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he criminal justice system process for an arrest is pretty much the same for every state, with just a few exceptions. Depending on the state that an individual is in will determine the process of their arrest and the crimes they are charged with. Suspects will go through the same stages of an arrest up until the time they are sentenced. This paper will further detail the different stages of an arrest from the time a suspect is arrested until they are taken to trial and given their sentence.
An officer’s job is not an easy task and when it comes to arresting someone, the process should be followed appropriately. When it comes to taking someone into custody, the suspect is arrested, charged, read their rights, and taken to jail. The suspect will be booked, meaning they are photographed, fingerprinted, and given a receipt for their possessions (Palmer-Johnson, 2015). Once the process is complete, the defendant will be placed in a holding cell to await their appearance in court.
The initial appearance phase consists of the judge looking over the case and determining whether there is enough probable cause that the defendant is guilty or not (Holloway, 2014). Once the evidence is viewed by the judge, he or she will inform the defendant of the charges, set bail, and set a date for the preliminary hearing. If there is enough evidence to believe the defendant committed the felony, the next step would be to set a date for a preliminary hearing or a grand jury (Holloway, 2014). Once the date is set, the defendant will await their preliminary hearing date.
The next phase is the preliminary hearing, which will determine whether a crime has been committed and whether the defendant should be tried or not. The prosecutor will present enough evidence in order to demonstrate that the defendant is guilty (Holloway, 2014). The judge looks at the facts of the case and will determine whether or not to proceed towards trial. If the judge does not agree that there is sufficient evidence to indict the accused, the charges will be dropped. In this case, the prosecutors will then take the case to the grand jury (Holloway, 2014). Here the jury will decide on the course of the case on a more private level.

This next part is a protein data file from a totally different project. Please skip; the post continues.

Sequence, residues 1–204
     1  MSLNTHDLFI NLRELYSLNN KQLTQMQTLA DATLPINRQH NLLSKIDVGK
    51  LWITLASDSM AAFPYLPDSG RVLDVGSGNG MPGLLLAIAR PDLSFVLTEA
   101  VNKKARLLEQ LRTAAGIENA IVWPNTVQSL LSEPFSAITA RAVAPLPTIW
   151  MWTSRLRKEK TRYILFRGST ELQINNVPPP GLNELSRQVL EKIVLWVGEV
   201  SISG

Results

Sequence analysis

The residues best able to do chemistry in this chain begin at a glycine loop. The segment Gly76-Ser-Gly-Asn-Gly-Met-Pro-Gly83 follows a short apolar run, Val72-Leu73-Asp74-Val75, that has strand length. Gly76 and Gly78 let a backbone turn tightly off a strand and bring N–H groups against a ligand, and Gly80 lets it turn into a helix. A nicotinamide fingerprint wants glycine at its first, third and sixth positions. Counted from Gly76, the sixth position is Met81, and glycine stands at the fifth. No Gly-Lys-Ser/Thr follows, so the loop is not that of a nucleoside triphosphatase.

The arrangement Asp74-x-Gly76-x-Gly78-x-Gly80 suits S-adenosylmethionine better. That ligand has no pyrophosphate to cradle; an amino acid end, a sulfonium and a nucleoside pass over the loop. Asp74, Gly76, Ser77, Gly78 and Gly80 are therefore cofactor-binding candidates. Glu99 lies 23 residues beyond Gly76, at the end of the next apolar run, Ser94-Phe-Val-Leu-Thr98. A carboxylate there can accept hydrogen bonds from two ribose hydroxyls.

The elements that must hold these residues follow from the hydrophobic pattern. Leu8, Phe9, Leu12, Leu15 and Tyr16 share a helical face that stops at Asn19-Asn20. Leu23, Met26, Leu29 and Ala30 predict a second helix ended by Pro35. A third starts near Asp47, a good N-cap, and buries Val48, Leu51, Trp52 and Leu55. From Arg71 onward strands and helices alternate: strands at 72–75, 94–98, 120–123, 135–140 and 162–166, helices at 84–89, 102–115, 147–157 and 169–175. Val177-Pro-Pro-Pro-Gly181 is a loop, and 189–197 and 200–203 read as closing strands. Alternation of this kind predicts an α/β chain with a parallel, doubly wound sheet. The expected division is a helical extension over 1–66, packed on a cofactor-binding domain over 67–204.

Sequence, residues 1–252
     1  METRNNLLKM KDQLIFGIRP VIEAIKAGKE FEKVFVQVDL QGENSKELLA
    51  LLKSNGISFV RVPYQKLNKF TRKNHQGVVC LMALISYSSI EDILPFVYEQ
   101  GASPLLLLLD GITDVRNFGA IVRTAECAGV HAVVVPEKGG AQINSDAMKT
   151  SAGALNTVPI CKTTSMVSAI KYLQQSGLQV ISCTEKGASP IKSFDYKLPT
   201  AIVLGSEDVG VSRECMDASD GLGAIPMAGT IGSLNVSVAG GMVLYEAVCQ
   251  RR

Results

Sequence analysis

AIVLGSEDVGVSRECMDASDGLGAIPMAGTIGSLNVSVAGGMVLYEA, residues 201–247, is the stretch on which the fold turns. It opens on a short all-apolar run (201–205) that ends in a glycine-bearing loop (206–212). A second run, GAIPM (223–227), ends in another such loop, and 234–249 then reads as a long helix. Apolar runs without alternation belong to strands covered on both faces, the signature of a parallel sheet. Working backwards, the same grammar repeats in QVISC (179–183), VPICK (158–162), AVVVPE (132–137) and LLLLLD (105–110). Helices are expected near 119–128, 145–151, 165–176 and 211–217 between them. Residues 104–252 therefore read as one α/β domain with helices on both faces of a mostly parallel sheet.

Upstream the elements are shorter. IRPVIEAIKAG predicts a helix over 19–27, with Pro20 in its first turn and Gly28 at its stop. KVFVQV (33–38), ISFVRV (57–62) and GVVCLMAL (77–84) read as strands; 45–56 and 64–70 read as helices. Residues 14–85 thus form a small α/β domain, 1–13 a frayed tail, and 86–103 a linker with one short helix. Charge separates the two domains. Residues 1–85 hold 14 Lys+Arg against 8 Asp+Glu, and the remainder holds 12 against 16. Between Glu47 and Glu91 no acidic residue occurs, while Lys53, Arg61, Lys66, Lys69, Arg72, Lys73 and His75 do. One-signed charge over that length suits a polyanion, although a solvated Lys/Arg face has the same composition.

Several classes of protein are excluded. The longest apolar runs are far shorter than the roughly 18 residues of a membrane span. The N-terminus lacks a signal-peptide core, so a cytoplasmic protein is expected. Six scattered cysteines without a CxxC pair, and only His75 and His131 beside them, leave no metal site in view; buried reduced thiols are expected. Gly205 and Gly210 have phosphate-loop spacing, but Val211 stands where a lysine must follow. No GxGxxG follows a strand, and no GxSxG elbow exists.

The grand jury is in charge of determining whether or not the government has enough evidence to advance to a criminal trial (Peabody, 2014). They are not in charge of determining the guilt or innocence of the accused; rather they act as a buffer between the government and the people who are charged with crimes. Cases are heard by the jury in which witnesses are called in and evidence is presented. Unlike trial proceedings, these hearings are done in secret and the defendant has no right to present evidence, unless the jury grants this right (Peabody, 2014). After all the facts are reviewed and the evidence is determined sufficient, the following step is to take the defendant to trial.
Once the defendant has gone through the first phases, they are given a trial date. During the trial, the prosecution presents all the evidence of the case, and they must prove beyond a reasonable doubt that the defendant is guilty of the crime he or she is being charged for (Trial, 2017). Once the defendant’s guilt or innocence is determined, they will be charged with the crime and given their sentence. If the jury is unable to reach a verdict, there could be a mistrial declared by the judge and the case will be dismissed or a new jury will be chosen.
The next phase is the sentence the defendant will receive for their crime. The judge sets the sentence whether it is incarceration, probation or psychological treatment. There are a number of factors analyzed such as the nature and severity of the crime, the criminal history, personal circumstances, and the degree of remorse the defendant feels (Gregware, 2014). These will help clear what the best option is for the defendant. Once the sentence is set, the defendant will be taken out of the court room and transported to the institution assigned.
After the trial, the defendant is able to appeal their sentence and take it to court. They can ask for a higher court to review their case and possibly overturn the sentencing. If indeed the court finds an error on the case or the sentencing, the court may be able to reverse the conviction or find that the case should be re-tried.
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